Power Struggle, The Excuse to Oppose Xi’s Anti-corruption CampaignPosted: April 27, 2017
Elimination of widespread rampant corruption needs an exceptionally wise, brave and powerful leader. The leader shall be very clearly aware of the great danger in the job. Officials exploit their power to commit corruption so that the greater the power, the more serious the corruption. Therefore, the “tigers” Xi has to catch in his fight against corruption are real tigers with sharp teeth. They are able to assassinate high officials in charge of the fight or even the leader. They may even launch a coup d’état.
However, they know the risk of the assassination and coup especially when the leader controls China’s secret police; therefore, the best way for them is to spread the rumor that the real purpose of the fight against corruption is to remove or weaken the factions not controlled by the leader so as to establish the leader’s absolute power.
It is common that there are various factions in a communist party, but especially in Chinese Communist Party (CCP) after Mao’s Cultural Revolution because those who were in a faction with substantial strength suffered less persecution and regained their positions sooner during and after the Cultural Revolution.
Usually, a high-ranking official appoints and promotes quite some officials. Those officials together with the officials they appointed and promoted form a faction due to comradeship, friendship and common interests and aspiration. When the high-ranking official has retired, he still controls the faction formed due to his influence and will interfere for the interests of his faction whenever possible if necessary.
When it comes to the decisions at a Party Congress on candidates for members of Central Committee, Politburo and its Standing Committee, Central Military Commissions and Party Secretariat and other senior posts, all the retired elders who have been dormant, will come out to take part in the bargaining behind the scene because it affects the balance of strength among various factions and concerns the interest of not only themselves but also the large number of their faction members.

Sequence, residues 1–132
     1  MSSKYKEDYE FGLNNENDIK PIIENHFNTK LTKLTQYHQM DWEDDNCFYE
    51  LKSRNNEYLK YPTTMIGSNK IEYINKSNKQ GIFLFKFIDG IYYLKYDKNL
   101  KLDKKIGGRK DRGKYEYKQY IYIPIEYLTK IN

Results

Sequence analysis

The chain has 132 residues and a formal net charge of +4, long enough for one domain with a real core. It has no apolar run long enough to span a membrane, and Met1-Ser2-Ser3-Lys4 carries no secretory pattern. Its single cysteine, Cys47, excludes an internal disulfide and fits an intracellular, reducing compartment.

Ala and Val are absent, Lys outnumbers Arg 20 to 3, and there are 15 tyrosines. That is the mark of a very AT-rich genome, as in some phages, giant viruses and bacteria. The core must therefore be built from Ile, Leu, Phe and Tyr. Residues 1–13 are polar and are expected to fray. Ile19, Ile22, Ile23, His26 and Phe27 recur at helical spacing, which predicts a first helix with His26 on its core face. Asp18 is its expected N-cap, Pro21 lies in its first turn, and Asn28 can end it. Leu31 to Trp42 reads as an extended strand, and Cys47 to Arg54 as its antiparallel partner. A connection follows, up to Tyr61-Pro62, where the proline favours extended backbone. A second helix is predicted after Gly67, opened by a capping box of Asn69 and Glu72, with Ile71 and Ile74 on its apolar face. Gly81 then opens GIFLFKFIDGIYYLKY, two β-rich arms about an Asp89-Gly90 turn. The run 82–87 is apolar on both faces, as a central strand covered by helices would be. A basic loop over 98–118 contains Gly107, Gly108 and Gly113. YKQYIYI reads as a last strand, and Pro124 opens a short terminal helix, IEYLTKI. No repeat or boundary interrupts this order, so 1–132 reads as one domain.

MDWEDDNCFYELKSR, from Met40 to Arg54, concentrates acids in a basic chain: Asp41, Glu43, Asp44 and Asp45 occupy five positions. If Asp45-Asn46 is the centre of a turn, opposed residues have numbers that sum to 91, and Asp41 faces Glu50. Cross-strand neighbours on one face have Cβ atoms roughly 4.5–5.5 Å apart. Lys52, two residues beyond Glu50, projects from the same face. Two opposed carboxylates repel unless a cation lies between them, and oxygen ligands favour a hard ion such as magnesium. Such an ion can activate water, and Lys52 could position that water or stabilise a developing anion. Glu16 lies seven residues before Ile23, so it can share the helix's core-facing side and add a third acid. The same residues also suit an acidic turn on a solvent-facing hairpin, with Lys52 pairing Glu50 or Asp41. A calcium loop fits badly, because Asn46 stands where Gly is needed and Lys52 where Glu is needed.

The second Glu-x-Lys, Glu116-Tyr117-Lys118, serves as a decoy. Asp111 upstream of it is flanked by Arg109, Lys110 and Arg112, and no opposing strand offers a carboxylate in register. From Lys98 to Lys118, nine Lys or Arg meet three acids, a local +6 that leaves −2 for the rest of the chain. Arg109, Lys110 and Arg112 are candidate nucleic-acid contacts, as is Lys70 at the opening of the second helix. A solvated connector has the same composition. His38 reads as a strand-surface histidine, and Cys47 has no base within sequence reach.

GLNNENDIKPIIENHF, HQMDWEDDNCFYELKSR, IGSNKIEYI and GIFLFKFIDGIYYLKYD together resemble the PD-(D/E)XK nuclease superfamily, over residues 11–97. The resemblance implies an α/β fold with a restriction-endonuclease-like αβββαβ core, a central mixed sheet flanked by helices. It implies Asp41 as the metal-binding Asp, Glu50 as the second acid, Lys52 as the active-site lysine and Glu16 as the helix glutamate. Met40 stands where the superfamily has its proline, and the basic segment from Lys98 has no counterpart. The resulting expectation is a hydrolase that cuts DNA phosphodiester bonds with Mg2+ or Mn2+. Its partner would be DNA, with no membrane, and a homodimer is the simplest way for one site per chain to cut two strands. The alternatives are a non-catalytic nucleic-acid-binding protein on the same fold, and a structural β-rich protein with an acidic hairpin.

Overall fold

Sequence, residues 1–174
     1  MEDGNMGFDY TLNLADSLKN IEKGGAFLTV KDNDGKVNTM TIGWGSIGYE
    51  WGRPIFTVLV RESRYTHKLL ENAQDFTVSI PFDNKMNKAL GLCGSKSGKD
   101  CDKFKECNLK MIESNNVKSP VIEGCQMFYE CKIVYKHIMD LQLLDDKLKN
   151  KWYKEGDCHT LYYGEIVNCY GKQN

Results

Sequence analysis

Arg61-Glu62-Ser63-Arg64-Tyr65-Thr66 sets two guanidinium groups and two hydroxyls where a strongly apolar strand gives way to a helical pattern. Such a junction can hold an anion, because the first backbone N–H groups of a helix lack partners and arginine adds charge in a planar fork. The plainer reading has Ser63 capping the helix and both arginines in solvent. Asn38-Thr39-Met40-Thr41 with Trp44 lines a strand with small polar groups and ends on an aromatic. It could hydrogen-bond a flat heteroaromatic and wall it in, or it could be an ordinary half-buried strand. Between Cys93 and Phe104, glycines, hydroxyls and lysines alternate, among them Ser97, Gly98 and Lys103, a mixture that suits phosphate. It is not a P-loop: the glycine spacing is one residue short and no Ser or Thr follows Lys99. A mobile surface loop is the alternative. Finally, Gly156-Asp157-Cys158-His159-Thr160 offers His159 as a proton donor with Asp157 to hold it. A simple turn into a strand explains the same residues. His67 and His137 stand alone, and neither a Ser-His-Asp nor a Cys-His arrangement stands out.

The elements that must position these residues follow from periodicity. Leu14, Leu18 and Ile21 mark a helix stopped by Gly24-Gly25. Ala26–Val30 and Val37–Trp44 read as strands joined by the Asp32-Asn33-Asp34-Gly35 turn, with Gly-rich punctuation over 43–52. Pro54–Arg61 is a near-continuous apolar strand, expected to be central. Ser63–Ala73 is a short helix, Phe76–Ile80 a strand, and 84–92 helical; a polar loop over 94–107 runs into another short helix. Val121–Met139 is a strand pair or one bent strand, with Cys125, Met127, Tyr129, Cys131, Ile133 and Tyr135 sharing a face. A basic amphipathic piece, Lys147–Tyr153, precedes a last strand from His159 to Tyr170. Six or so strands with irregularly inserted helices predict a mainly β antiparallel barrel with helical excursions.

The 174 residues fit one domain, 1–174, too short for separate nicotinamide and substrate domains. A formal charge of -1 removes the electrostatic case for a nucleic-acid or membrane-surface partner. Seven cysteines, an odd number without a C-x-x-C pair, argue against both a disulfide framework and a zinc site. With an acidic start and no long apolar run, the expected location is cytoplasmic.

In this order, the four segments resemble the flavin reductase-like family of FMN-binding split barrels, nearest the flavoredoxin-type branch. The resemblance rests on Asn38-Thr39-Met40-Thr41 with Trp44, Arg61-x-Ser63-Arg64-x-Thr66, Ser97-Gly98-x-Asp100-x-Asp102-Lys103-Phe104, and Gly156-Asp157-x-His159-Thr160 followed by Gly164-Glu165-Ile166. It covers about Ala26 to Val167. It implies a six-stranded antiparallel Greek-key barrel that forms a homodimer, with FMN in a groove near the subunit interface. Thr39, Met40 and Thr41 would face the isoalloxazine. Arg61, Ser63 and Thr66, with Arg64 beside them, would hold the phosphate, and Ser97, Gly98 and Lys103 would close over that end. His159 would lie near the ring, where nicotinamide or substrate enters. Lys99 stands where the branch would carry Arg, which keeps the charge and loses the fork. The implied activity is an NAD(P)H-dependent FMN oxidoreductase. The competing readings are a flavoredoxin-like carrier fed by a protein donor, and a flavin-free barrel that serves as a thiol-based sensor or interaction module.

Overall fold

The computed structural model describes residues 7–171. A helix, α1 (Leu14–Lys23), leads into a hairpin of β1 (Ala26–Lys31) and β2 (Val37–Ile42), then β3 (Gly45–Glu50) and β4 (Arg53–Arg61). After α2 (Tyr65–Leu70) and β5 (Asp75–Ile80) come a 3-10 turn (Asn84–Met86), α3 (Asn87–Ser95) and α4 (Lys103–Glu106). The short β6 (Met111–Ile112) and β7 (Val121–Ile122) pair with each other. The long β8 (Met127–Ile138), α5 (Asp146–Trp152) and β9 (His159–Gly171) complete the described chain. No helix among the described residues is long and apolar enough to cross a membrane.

The removal of a high official in a faction due to corruption may greatly weaken the faction; therefore, it will certainly vigorously resist and demand a lenient punishment or even immunity. Other factions will mostly side with the guilty official’s faction for fear that it was the leader or the anti-corruption official’s power struggle trick to weaken the factions they do not control one by one. The resistance of the alliance of those factions may become quite strong especially when it is joined by the quite strong conservative faction built up by Bo Xilai through his anti-organized crime and sing-red campaigns. That was also the cause for the difficulties in making the decision to punish Bo Xilai harshly. The decision had not been made until Jiang Zemin came to Beijing to preside over an expanded Politburo meeting on September 27, 2012.
Power struggle is corrupt officials’ best excuse in opposing Xi’s fight against corruption!
In order to succeed in his fight against corruption and for further reform, Xi visited all the powerful elders who were heads of various factions and convinced them that what he did was to save CCP instead of enabling his own faction to have dominant power over all other factions. He even showed them that he had no faction of his own and told them he would have an official with little factional background to be in charge of the fight against corruption.
His choice of Wang Qishan convinced them. Wang’s father-in-law Yao Yilin was for a time a Politburo Standing Committee member, but Yao was in charge of economy. Wang himself, though promoted by Zhu Rongji of Jiang Zemin’s Shanghai faction, was employed as high economic officials. Economic officials usually have little political power in CCP.
Wang seems powerful in having investigated and punished powerful officials including a retired Politburo Standing Committee member and two retired top generals, but his power comes from Xi Jinping and CCP organization. He has no troops or police under his personal control to achieve his personal goal.
Some people may wonder: How can a leader rule a party full of factions without forming his own powerful faction?
In Chinese history, forming his own faction and making it the only powerful faction was a common trap for a sovereign. It may easily cause the sovereign to be surrounded by a faction of treacherous fawning protégés who, like Heshen, corrupted Emperor Qianlong’s entire official system and blocked the channels for informers to expose their evils.
A wise sovereign shall have charisma to attract all talents around him no matter what factions they belong to. He is even able to win over talents from his enemy and make them his faithful followers. A great leader’s greatness lies first of all in his ability to discover and properly employ and delegate power to talented followers. Xi has proved his wisdom in dealing with domestic and external issues, but we still have to wait and see whether he is able to fill his Politburo Standing Committee with talents and find a competent successor.
Whether with the excuse of opposing power struggle or not, the large number of corrupt official may refuse to function like the officials did under Emperor Jiaqing’s reign or even begin national protests like Hong Kong police did against Governor MacLehose’ anti-corruption campaign.
What shall Xi Jinping do?
He gave people a huge surprise, which is a long story to be elaborated in my next article.
Article by Chan Kai Yee